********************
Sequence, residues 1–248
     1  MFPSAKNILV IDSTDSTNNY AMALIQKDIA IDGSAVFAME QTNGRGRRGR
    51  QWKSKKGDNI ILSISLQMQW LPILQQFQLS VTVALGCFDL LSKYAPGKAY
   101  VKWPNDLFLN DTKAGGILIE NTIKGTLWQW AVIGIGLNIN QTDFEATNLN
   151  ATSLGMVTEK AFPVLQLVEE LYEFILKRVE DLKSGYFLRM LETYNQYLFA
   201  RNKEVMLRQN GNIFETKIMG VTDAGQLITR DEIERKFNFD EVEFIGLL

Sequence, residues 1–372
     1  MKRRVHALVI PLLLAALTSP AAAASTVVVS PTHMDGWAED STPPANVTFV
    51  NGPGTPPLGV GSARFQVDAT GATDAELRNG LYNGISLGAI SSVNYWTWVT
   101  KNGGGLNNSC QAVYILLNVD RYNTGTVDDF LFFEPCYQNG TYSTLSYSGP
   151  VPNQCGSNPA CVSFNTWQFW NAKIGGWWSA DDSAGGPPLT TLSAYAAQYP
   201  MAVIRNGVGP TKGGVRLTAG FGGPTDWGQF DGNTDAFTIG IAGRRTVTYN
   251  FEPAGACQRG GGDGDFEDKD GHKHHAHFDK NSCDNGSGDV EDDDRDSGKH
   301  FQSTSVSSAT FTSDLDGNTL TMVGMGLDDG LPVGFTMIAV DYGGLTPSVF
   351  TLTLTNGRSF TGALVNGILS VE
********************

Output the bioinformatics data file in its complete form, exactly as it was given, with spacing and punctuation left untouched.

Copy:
Sequence, residues 1–248
     1  MFPSAKNILV IDSTDSTNNY AMALIQKDIA IDGSAVFAME QTNGRGRRGR
    51  QWKSKKGDNI ILSISLQMQW LPILQQFQLS VTVALGCFDL LSKYAPGKAY
   101  VKWPNDLFLN DTKAGGILIE NTIKGTLWQW AVIGIGLNIN QTDFEATNLN
   151  ATSLGMVTEK AFPVLQLVEE LYEFILKRVE DLKSGYFLRM LETYNQYLFA
   201  RNKEVMLRQN GNIFETKIMG VTDAGQLITR DEIERKFNFD EVEFIGLL

Sequence, residues 1–372
     1  MKRRVHALVI PLLLAALTSP AAAASTVVVS PTHMDGWAED STPPANVTFV
    51  NGPGTPPLGV GSARFQVDAT GATDAELRNG LYNGISLGAI SSVNYWTWVT
   101  KNGGGLNNSC QAVYILLNVD RYNTGTVDDF LFFEPCYQNG TYSTLSYSGP
   151  VPNQCGSNPA CVSFNTWQFW NAKIGGWWSA DDSAGGPPLT TLSAYAAQYP
   201  MAVIRNGVGP TKGGVRLTAG FGGPTDWGQF DGNTDAFTIG IAGRRTVTYN
   251  FEPAGACQRG GGDGDFEDKD GHKHHAHFDK NSCDNGSGDV EDDDRDSGKH
   301  FQSTSVSSAT FTSDLDGNTL TMVGMGLDDG LPVGFTMIAV DYGGLTPSVF
   351  TLTLTNGRSF TGALVNGILS VE